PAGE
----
Population Control and Consequences in China

Topics: Population, One-child policy, Overpopulation Pages: 7 (1035 words) Published: July 14, 2011
Population Control and Consequences in China
1. Problems associated with overpopulation
2. Population policy
o China's population control policy
o Other population control methods
3. Problems associated with population policies
4. Social and political consequences
5. Social and economic benefits
6. Future outcomes
Problems associated with overpopulation. China has the highest population in the

world, encompassing 1.2 billion or twenty one percent of the world's population (P.R.B.

7). China faces serious social and economic problems associated with overpopulation in

the years to come. Overly populated regions lead to degradation of land and resources,

pollution, and detrimental living conditions. The Chinese government has tried to find a

solution to the problem of increasing population with moderate success.

China's population control policy. The Chinese government has used several methods

to control population growth. In 1979, China started the "one child per family policy"

(Juali Li 563). This policy stated that citizens must obtain a birth certificate before the

birth of their children. The citizens would be offered special benefits if they agreed to

have only one child. Citizens who did have more than one child would either be taxed an

amount up to fifty percent of their income, or punished by loss of employment or other

benefits (Hilali 10). Furthermore, unplanned pregnancies or pregnancies without the

proper authorization would need to be terminated (Hilali 9). In 1980, the birth-quota

system was established to monitor population growth(Jiali Li 563). Under this system, the

government set target goals for each region. Local officials were mainly held responsible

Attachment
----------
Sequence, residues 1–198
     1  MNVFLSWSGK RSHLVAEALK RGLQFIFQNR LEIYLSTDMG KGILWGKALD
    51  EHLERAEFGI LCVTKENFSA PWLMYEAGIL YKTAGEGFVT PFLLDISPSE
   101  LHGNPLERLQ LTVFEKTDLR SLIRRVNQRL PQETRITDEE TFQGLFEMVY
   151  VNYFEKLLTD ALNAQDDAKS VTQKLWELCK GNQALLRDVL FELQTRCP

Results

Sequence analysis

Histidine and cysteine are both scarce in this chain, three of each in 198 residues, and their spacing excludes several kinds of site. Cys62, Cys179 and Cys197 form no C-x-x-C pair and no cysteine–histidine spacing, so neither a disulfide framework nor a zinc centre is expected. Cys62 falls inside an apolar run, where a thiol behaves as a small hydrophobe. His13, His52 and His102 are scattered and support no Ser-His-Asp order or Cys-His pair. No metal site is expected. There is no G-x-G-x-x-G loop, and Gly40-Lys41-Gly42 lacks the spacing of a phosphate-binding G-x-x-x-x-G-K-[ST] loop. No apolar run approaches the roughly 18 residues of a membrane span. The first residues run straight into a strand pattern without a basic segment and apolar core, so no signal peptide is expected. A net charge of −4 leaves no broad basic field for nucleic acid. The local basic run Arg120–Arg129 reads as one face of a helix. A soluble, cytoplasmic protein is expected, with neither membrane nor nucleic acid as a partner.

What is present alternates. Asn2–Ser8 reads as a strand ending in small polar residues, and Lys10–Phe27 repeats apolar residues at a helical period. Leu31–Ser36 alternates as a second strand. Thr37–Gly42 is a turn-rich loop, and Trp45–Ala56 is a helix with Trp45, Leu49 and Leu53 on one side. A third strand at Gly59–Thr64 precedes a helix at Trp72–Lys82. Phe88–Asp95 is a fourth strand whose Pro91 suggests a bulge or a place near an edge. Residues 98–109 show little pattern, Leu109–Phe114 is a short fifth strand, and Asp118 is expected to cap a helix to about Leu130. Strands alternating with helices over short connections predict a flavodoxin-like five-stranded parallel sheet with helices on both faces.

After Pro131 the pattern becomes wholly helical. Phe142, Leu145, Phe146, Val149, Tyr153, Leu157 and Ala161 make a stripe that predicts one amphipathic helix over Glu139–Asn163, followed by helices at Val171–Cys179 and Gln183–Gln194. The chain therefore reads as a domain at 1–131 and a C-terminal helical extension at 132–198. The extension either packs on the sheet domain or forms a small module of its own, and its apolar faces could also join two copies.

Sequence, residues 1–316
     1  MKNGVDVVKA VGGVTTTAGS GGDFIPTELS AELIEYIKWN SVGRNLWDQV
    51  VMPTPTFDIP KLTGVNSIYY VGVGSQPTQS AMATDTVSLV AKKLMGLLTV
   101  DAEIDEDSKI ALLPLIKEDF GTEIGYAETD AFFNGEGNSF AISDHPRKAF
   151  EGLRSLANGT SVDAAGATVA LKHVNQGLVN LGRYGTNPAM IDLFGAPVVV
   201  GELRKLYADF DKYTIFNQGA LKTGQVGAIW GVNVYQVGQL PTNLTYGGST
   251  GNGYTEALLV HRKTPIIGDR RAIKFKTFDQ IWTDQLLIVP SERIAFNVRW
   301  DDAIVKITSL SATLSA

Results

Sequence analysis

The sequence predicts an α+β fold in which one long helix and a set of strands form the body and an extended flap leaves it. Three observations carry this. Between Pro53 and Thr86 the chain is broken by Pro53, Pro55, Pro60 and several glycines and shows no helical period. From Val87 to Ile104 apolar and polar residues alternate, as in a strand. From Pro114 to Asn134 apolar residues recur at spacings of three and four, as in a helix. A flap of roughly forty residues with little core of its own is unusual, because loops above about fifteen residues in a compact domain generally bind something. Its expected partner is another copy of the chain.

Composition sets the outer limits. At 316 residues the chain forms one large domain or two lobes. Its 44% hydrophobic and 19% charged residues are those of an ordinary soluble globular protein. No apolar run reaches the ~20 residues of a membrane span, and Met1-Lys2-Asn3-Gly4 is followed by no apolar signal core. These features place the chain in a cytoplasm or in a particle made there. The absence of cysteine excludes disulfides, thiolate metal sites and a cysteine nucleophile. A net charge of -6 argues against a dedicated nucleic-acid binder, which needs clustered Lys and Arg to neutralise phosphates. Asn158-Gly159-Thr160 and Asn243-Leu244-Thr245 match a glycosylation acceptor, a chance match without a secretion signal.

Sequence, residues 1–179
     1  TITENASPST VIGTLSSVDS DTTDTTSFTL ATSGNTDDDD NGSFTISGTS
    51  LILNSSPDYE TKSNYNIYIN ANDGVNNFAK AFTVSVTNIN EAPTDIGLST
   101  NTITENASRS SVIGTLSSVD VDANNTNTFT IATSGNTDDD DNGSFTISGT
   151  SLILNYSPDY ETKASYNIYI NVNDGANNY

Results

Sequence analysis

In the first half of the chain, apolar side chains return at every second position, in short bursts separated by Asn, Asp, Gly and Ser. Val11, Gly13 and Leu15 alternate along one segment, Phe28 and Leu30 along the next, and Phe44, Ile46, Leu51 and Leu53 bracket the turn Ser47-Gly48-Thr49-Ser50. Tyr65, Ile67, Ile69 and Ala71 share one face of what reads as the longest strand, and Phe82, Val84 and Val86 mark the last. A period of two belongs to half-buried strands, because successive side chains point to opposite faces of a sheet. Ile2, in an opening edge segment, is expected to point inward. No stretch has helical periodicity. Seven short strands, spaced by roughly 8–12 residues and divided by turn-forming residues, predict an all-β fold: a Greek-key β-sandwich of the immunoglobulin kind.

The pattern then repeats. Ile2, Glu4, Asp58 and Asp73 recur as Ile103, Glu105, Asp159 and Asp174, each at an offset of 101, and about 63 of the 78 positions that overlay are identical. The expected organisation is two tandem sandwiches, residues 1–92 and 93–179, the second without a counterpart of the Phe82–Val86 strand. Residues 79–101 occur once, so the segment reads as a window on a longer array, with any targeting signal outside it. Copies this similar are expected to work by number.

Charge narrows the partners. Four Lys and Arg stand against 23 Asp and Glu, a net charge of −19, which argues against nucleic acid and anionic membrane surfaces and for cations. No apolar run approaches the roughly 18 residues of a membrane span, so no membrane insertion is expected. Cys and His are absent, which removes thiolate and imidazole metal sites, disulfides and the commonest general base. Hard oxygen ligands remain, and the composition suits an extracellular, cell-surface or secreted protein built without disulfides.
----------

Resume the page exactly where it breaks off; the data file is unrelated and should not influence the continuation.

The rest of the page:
for making sure that population growth totals did not exceed target goals. If target goals

were not met, the local officials were punished by law or by loss of privileges.

Other population control methods. Other methods that have been used by the Chinese

government to restrict rising population totals include birth control programs and

economic changes. In the early '80's, sterilization target goals were set and made

mandatory for people who had two children (Hilali 19). At its peak in 1983, tubal

ligations, vasectomies, and abortions amounted to thirty-five percent of the total birth

control methods (Hilali 20). In addition, the economy changed from primarily one of

agriculture to industry (Hilali 22). The government used this to its advantage; spreading

the view that economic growth would hinder population growth (Hilali 22).

Problems associated with population policies. There have been many problems

associated with the policies and programs established by Chinese officials. First of all,

these programs have been difficult to implement and have had little success. Local

officials in charge of growth totals, have falsified reports in order to avoid punishment

(Zeng Yi 29). Consequently, this has led to underreporting of the number of births by as

much as twenty-seven percent in 1992 (Zeng Yi 32). Moreover, compliance with the

birth-quota system has been low. Of the 14,808 infants born between 1980-1988, only

about half have been with a legal birth permit(Jiali Li 567). Of those born with a permit,

eighty-eight percent were first children born into families (Jiali Li 567). Furthermore, out

of the second children born, only eleven percent were authorized (Jiali Li 568). Lastly,

people of rural communities, who depend on having larger families to help with the

farms, have succeeded in finding ways around the birth-quota system (Hilali 13).

Social and political consequences. The Chinese government has also had to deal with political and social upheaval as a result of its strict policies. The United States, as well as

many other countries, have publicly expressed their...

Bibliography: Hilali, A.Z. "Chinaís Population Growth: Policy and Prospects." China Report 33.1
(1997): 1-34.
Jiali Li. "Chinaís One-Child Policy: How and How Well Has It Worked?" Population and
Development Review 21.3 (1995): 563-585.
Population Reference Bureau. World Population Data Sheet. Washington D.C.:
Population Reference Bureau, 1999.
State Family Planning Commission of China. www.sfpc.gov.cn.
Zeng Yi. "Is Fertility in China in 1991-92 Far Below Replacement Level?" Population
Studies 50.1 (1996): 27-34.
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